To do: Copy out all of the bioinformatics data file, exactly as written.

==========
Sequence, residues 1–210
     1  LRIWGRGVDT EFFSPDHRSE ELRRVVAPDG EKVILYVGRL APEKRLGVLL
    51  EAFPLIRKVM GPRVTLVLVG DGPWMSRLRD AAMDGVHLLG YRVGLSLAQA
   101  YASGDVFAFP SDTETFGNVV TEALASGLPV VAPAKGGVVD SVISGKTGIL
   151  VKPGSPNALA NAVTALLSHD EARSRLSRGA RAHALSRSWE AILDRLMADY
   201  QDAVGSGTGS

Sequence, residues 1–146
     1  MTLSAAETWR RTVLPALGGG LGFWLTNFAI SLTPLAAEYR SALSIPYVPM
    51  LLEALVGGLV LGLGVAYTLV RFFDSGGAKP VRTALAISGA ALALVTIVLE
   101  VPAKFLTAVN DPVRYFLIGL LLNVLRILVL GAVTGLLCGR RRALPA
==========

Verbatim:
Sequence, residues 1–210
     1  LRIWGRGVDT EFFSPDHRSE ELRRVVAPDG EKVILYVGRL APEKRLGVLL
    51  EAFPLIRKVM GPRVTLVLVG DGPWMSRLRD AAMDGVHLLG YRVGLSLAQA
   101  YASGDVFAFP SDTETFGNVV TEALASGLPV VAPAKGGVVD SVISGKTGIL
   151  VKPGSPNALA NAVTALLSHD EARSRLSRGA RAHALSRSWE AILDRLMADY
   201  QDAVGSGTGS

Sequence, residues 1–146
     1  MTLSAAETWR RTVLPALGGG LGFWLTNFAI SLTPLAAEYR SALSIPYVPM
    51  LLEALVGGLV LGLGVAYTLV RFFDSGGAKP VRTALAISGA ALALVTIVLE
   101  VPAKFLTAVN DPVRYFLIGL LLNVLRILVL GAVTGLLCGR RRALPA